This plant is often called arum lily, but with us is universally called the calla lily. For many years it was a most important plant with us and today there are a number of people who prefer them to the true lilies. They are of the easiest growth, if you remember one important thing, and that is that the calla comes from northern Africa, and does not want to be starved in a cool greenhouse.
There are several ways of growing them. To begin with, they propagate easily from offsets, which you can take off when repotting the plants in the fall. Some plant them out, but if they have much root room they grow too rampant and the flowers are too large to be useful.
In early May our houses are too crowded to keep the callas on the bench, and they are taken outside and laid down where they can be covered in case of a sharp frost. The top withers away and for a few months the root is dry. In August we shake off all the soil and start them growing again in 5-inch or 6-inch pots, keeping them in a frame as long as there is no danger of frost, and in winter give them a light house where it is not less than 60 degrees at night. Although almost an aquatic, the soil should be in such condition that water passes through it freely. For soil use three-fourths of coarse loam and one-fourth of decomposed cow manure. They want lots of syringing and fumigating, for thrips and red spider trouble the leaves.
If you want to raise some specimens that will require a 9-inch or 10-inch pot and bear three or four flowers at one time, select some of your strongest plants in May and plant them out two or three feet apart in a deep, rich soil, where you can water them copiously in dry times. They lift easily at the end of September and will make great plants.
The small offsets or bulblets that come off the corm in August can be potted in 2-inch pots and grown on. They can be kept during the winter in 3-inch pots and in May shifted into 5inch and plunged in a frame. They want a copious supply of water during summer. It is remarkable the strong flowering plants you will get from these little bulblets in a few months. As previously said, the calla, when planted out and given liberal space for root growth, is inclined to grow very strong and give few flowers in the dark days. In the bright days of spring you will get lots of flowers from these beds, but the flowers are often of unwieldy size. Growing a good strong corm in a 6-inch or 7-inch pot during winter in a bright, warm house will be found as practical and profitable as any method.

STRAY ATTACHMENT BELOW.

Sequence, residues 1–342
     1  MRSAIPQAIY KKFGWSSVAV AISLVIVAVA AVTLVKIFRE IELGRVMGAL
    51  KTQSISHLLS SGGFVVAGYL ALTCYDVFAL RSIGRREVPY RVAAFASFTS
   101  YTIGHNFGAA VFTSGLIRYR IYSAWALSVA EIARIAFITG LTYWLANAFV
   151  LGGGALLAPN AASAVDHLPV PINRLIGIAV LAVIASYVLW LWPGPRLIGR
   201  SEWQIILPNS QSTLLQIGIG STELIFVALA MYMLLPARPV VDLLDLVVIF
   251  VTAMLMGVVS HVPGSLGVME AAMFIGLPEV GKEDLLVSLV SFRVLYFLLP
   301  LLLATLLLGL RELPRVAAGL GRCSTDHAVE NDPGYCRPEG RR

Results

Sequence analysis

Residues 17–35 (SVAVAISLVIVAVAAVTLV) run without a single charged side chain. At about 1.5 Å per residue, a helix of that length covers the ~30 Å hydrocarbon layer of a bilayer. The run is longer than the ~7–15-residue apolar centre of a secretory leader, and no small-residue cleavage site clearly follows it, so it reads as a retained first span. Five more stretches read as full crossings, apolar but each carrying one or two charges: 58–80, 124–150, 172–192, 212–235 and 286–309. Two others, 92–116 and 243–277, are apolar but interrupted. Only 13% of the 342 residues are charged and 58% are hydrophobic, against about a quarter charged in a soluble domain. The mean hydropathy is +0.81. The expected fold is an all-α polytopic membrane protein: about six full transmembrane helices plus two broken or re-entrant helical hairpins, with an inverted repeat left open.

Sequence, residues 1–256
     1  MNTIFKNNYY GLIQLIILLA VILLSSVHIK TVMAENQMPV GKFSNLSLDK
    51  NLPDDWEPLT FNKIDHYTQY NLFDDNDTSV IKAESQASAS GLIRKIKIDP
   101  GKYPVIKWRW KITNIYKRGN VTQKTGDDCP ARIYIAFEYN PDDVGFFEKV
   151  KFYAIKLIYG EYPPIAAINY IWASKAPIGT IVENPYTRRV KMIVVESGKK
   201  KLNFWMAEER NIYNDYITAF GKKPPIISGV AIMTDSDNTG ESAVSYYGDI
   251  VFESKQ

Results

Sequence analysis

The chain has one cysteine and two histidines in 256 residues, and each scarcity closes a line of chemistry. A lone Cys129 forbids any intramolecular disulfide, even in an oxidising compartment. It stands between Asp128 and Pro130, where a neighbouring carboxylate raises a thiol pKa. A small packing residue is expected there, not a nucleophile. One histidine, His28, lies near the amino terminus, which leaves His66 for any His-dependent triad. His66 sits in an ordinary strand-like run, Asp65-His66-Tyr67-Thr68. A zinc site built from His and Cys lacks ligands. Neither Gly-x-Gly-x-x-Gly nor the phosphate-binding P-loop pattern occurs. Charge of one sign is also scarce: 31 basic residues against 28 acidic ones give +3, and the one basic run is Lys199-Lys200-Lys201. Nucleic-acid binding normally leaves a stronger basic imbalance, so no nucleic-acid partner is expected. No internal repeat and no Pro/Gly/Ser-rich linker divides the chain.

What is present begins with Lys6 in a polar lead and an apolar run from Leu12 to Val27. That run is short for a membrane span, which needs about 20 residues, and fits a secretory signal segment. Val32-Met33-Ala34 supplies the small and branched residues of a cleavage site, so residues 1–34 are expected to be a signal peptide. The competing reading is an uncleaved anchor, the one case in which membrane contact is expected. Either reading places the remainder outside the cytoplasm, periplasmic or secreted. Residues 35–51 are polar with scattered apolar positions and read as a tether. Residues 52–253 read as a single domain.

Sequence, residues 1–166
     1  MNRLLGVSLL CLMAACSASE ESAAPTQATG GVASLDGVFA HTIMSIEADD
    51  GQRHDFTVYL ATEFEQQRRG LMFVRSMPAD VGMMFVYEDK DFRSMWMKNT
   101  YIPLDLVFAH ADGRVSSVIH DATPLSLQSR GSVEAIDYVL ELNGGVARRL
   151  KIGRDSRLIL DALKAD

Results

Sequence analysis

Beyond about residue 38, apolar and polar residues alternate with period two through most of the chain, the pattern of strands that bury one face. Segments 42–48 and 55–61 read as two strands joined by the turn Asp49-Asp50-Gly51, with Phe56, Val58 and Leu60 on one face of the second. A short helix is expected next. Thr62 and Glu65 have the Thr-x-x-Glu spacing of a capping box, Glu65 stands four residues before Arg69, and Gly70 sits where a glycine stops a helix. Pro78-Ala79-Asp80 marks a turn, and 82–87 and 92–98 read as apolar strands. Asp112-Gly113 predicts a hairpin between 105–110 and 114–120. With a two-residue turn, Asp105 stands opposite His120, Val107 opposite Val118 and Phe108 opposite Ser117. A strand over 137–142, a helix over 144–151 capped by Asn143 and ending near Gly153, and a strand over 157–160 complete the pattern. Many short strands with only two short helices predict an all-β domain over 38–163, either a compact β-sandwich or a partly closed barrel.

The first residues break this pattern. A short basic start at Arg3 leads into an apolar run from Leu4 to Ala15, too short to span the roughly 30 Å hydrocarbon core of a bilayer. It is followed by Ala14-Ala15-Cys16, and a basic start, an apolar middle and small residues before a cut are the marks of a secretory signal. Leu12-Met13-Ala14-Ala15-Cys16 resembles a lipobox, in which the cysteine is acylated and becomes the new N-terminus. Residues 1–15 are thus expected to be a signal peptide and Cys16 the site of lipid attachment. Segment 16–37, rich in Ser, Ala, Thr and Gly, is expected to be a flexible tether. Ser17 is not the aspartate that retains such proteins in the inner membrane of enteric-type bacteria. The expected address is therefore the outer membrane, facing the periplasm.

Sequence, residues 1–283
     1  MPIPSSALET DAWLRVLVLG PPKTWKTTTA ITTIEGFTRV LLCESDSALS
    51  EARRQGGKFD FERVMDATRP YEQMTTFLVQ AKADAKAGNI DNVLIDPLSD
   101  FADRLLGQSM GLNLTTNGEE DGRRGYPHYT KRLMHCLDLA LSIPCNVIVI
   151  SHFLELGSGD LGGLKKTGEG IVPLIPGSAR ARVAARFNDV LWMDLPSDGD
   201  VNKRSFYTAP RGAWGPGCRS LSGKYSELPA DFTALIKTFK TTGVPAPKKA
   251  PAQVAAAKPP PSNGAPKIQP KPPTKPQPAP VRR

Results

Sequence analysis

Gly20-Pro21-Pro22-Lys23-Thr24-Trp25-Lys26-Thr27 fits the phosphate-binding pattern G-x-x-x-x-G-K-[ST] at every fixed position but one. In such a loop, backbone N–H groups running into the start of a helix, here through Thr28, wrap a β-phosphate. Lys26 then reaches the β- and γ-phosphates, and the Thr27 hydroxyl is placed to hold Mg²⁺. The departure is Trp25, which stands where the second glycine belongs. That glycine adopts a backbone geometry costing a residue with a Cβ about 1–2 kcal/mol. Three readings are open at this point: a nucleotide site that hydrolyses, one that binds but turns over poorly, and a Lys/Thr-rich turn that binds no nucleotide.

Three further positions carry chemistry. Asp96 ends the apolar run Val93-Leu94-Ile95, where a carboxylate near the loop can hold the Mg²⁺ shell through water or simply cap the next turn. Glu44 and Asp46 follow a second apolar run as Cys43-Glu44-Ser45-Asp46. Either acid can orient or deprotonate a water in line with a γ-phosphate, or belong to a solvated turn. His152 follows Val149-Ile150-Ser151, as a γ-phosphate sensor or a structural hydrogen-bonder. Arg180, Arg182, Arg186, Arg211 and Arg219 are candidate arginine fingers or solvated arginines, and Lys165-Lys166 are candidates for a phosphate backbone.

The calla tubers will bear resting or allowing the soil in pots or beds to become perfectly dry. Those grown in pots are usually placed outside in June on their sides so that the soil may become dry. The top withers and they are kept in this state till early September, when they should be shaken out, given new soil and started growing, and will soon flower. For this seemingly unnatural rest they are not in the least any the worse in health or vigor.
Richardia albo-maculata has a small, greenish-white flower and a prettily spotted leaf, which we used to use in our veranda-boxes. It rests in winter and the corm should be started growing in February. To increase your stock of this the corm can be cut in two or three pieces and started growing in February. Keep rather dry till leaf growth begins. In June plant them out, lift in fall and store in dry soil till time to start again.
There is a magnificent yellow calla; it is R. Elliottiana. In size and form it is like the common calla, but the leaves are spotted and not so thick in texture. The flower is simply grand. I don't know when I have seen a flower that pleased me so much. Fancy a dozen or more of these flowers in a vase; what can be richer? It is not yet common or we would see and hear more of it, but every florist should obtain a stock of it.
A single corm was given to me several years ago by the late George Savage, of Rochester, with the advice to start it in sand and give little water till growth began. This was good advice, for the following June it threw up a gorgeous bloom. They should be dormant in the soil during winter and shaken out and started in early spring. We divided this corm into four or five pieces with success, one of which flowered the following spring. This is such a magnificent flower I cannot praise it too highly.